The Greatest Grid: The Master Plan of Manhattan, 1811–2011
“A must read for anyone and interested in places and how they affect all parts of our lives and cultures. The Greatest Grid calls the reader to browse randomly. Read straight through or study carefully. Just as New York leads global society in many ways, its leaders’ collaboration in producing The Greatest Grid will hopefully inspire leaders of other grand venues to tell their placemaking stories with comparable flair, panache, and majesty.”
What makes a great urban place?
Does do-your-own-thing planning lead to independence and innovation? Or to chaos and conflict?
Does ordered, controlled, structured arrangement of the physical form squelch spontaneity and suppress creativity? Or does the explicitly defined system of physical planning enable free expression and promote efficiency?
The answers to these questions—and many more—are offered up between the covers of The Greatest Grid: The Master Plan of Manhattan, 1811–2011, produced to coincide with the bicentennial celebration of the promulgation of the plan that defined, directed, and inspired the evolution of one of the greatest cities on earth.
Indicative of the stature, reach, and majesty of the place studied here is that the esteemed editor Hilary Ballon, as the Deputy Vice Chancellor of New York University Abu Dhabi, is based in New York City, while serving in a leadership role to establish a campus in that Middle East place, as part of the NYU initiative to further its global university identity.
The Greatest Grid chronicles the vision, scope, parameters, process, and consequences of imposing early in the 19th century a structured grid-based planning model on Manhattan Island, mandating unvarying repetitive rectangular blocks, 200’ from street to street in north/south direction and 610’ to 920’ between the avenues running east/west, with cross streets 60’ wide, periodically punctuated by 100’ wide major cross streets, accommodating both crosstown traffic and commerce, in contrast to the residential character of the narrower, non-crosstown streets.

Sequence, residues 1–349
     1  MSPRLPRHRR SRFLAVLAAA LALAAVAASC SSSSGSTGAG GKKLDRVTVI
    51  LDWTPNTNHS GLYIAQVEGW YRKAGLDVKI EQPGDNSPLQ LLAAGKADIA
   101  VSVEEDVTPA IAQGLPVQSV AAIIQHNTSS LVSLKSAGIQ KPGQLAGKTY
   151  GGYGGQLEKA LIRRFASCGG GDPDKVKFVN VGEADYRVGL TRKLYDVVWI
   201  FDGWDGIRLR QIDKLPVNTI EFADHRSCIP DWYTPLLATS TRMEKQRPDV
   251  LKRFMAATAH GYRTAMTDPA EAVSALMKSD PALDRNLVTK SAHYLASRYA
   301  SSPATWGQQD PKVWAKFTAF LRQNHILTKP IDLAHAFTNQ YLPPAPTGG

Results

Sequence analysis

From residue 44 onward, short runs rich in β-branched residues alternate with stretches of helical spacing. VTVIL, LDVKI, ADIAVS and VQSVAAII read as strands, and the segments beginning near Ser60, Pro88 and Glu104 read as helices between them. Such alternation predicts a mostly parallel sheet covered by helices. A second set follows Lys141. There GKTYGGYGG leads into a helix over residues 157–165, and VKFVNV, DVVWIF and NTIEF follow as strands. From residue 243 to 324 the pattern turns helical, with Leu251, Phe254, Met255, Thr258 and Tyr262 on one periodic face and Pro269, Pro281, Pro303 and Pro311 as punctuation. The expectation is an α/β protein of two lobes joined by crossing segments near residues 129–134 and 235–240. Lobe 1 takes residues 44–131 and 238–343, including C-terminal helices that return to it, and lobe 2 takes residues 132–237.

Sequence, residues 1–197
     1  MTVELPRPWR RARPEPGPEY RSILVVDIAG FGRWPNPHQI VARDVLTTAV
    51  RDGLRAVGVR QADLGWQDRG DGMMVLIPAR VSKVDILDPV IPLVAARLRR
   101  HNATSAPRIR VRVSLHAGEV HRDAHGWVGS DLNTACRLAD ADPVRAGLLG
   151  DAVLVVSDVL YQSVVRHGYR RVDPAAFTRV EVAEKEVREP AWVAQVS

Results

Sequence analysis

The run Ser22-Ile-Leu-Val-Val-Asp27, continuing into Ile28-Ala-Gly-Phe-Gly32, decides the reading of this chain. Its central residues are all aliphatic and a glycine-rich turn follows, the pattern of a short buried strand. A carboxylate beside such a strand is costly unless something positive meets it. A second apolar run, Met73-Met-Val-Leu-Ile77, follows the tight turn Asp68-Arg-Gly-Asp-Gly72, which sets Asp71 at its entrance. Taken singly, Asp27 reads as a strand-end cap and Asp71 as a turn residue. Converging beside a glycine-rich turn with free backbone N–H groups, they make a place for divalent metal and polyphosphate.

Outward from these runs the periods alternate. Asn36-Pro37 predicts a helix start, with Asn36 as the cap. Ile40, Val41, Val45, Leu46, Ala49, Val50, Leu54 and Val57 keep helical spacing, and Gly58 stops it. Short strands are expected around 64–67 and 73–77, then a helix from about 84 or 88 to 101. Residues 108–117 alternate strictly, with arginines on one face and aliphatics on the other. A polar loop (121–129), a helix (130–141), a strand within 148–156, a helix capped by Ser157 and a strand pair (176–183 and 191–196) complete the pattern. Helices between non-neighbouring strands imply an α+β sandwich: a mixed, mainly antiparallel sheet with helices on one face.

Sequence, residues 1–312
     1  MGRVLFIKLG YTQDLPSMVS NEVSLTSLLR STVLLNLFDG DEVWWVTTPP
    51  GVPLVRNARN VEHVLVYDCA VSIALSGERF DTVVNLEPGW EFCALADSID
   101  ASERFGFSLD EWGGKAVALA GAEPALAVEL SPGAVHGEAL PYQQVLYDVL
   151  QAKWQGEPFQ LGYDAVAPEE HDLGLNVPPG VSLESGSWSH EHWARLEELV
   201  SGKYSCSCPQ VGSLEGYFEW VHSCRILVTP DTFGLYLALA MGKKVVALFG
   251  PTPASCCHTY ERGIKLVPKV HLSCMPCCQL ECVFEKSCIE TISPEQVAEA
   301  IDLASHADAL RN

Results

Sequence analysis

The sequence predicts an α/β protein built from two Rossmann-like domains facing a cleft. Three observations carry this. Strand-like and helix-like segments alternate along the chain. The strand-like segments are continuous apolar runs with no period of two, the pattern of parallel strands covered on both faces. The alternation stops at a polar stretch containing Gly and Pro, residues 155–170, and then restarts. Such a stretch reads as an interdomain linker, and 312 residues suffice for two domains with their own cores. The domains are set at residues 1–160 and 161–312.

The plan was motivated to stimulate and accelerate New York’s emergence as a great city. Evidence of the ambition and intervention of the plan is that some 39% of pre-grid structures were required to be demolished.
In 1810, a time when both London and Peking had populations exceeding 1,000,000, New York’s population was 96,373—which the plan envisioned, more than quadrupling, to 400,000 within a half century. Indicative of how the plan accommodated the anticipated growth is that this goal was less than half the actual 1860 New York population of 813,669.
Reflecting on the power of the grid, Rafael Vinoly, who has practiced architecture in New York City for nearly a half century, observes, “The Manhattan grid is sort of the E=MC2 of planning. It is a unified formula that controls and organizes the forces that make the city what it is, what it was, and what it will become; the explanation of this genius; the best manifestation of American pragmatism in the creation of urban form.”
This book is especially important at a time of the rediscovery of place primacy, the renewal of preference for urbanity, and the profound societal shift of more people globally living in cities than in the country. The text conveys the city as an intricate, interwoven, interdependent fabric of creativity and interaction.